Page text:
Why Your F1 Team Probably Won’t Make It

Originally a video script for WTF1 in October 2023, Dre breaks down the difficulties for a new team getting on the F1 grid.

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Read time: 4 mins

What does it take to enter a new team into F1?

So let’s picture the scene! You’re a billionaire, probably with more money than sense, and you want to start a F1 team and join the current grid! Sounds great! But there’s going to be some challenges that come with that. Allow us to explain…


It certainly isn’t the actual rulebook that’s the problem here. As it stands in 2023, F1’s grid can be a maximum of 24 cars on race day, and because 1-car teams aren’t allowed in F1 at present, we could in theory have 12 teams take the grid for a race start. This used to happen a lot in the 80’s and 90’s, with the field being thinned down to 26 via pre-qualifying or the 107% rule, which is still in F1 today that can remove you from the grid if you’re more than 7% slower than the fastest time, depending on practise times and the discretion of the stewards. 

Good news though new team owner, the sport’s governing body wants to add more teams! The last time the sport encouraged a big expansion was the 2010 season when three new teams came in – Lotus, Hispania and Virgin. They were encouraged to enter from the FIA with $10m dollars of financial support and the promise of a budget cap to help manage costs! The bad news was it never materialised as the potential regulation change led to massive political infighting and nearly led to a breakaway series! With poor results and a lack of long-term financial backing, all three teams would eventually fold by the end of 2016.

But that’s not a concern to you rich person watching this video, you have all the cash you need to start an F1 team and you’re even prepared to lose some to make it happen! Awesome! But there’s another problem… the sport makes it very difficult for new teams to enter. (Hi Andretti!)

First, you have to be approved by the FIA. Every few years they’ll open a formal process for new teams to apply. You’ll need to hand over $300,000 upfront just for the FIA to consider your application, and then they’ll look through it rigorously to see how it holds up. You’ll likely need to have the foundations of your team set, like having a firm business plan, confirm where your funding’s coming from, have a base of operations being prepared, how many staff are you hiring… that kind of thing. 

So good news, the FIA has looked at your business plan, and they like it! They’ve given you their approval to join the grid in a few years time, excellent! But sadly there’s one more problem… you have to also get the sport’s commercial wing onboard too. And Formula One Management generally aren’t keen to expand their grid. Here’s why. 

For the sport to avoid more embarrassment of a team entering the sport only to quickly leave if they were out of their depth, the teams came together and added an anti-dilution clause into the sport’s Concorde Agreement in 2020. This meant that any new team to enter the sport from 2020 onwards would have to pay a one-off 200 million dollar fee, shared amongst the 10 current teams. This was seen by the teams as protecting their commercial value, as McLaren CEO Zak Brown said at the time:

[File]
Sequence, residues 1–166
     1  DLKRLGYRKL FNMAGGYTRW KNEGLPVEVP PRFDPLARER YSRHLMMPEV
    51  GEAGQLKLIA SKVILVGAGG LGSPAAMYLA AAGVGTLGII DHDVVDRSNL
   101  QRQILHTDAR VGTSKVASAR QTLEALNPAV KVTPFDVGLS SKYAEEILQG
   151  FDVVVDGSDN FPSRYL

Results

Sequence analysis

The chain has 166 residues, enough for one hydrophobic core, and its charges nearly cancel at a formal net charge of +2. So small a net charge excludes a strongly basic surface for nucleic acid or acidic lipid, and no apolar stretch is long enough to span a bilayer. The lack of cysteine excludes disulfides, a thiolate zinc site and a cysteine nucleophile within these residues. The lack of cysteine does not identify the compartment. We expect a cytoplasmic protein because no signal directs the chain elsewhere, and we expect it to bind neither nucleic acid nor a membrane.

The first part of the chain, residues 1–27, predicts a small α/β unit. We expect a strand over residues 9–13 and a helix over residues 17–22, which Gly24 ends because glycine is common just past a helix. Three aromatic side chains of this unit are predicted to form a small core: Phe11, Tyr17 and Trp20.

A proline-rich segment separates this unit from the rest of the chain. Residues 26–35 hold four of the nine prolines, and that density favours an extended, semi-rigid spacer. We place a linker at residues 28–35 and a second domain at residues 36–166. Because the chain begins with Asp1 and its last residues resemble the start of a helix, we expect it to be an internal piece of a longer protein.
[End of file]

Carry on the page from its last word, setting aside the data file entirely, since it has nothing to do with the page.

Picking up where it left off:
“The $200m is intended to really make sure that if someone is coming into the sport that they have the wherewithal to do it, and we don’t have what we’ve historically had which is random announcements people are going to come in and then they never make it to the track.

“You would never see that, or I don’t think you’d ever see it, in other major forms of sport.”

…And it’s only going to be even harder to get into F1 in the Liberty Media-owned era of the sport.

F1 was bought by Liberty in 2017 for $4.6 billion dollars. Since then, the sport’s value according to most economists has gone up due to a popularity surge post-pandemic and through Nextflix show Drive to Survive. 

Forbes recently valued F1 at $17bn, a potentially massive return on Liberty’s investment. The owners and bosses of the teams in F1 now know that their place on the grid is worth a lot more now than it was just a few years ago. With that in mind, they’re going to want to protect its value, which they think might be diluted, if your new team is going to enter the sport.

Why? Firstly, the sport’s revenue, which is partially split amongst the teams, will have their slice of the pie reduced if your new team makes it 11 teams instead of 10. And if you’re a current team boss, you probably don’t want the extra competition to hurt their own team’s chances of winning. 

Liberty Media clearly prefers its own business model. It likens the 10 teams in F1 to the “franchise model” that American sports leagues have, like the NFL’s Dallas Cowboys, or the NBA’s Los Angeles Lakers. It wants to protect the teams already in F1 and make its money through them, rather than add more teams and potentially, more instability. 

So yeah, see that $200m anti-dilution fee I mentioned earlier? Well, the teams think that’s now an outdated figure and are working out a new, much higher fee that covers what they think they’re worth, as well as what they think they’ll lose if your new team comes in. That new figure could end with a B, rather than an M, if you catch my drift!

So… do you still want to make an F1 team? If you do… good luck, because you’re going to be in for a fight on and off the track!

Do you think the sport should expand? And do you think it’s right that F1’s going out of its way to look after its current teams? Let us know in the comments, and if you liked the video, be sure to subscribe!

About the Author:

Dre Harrison

Leader of a Broadcast Journalism University project that went WAY out of hand. Even managed to parlay it into a WTF1 gig for a little while.

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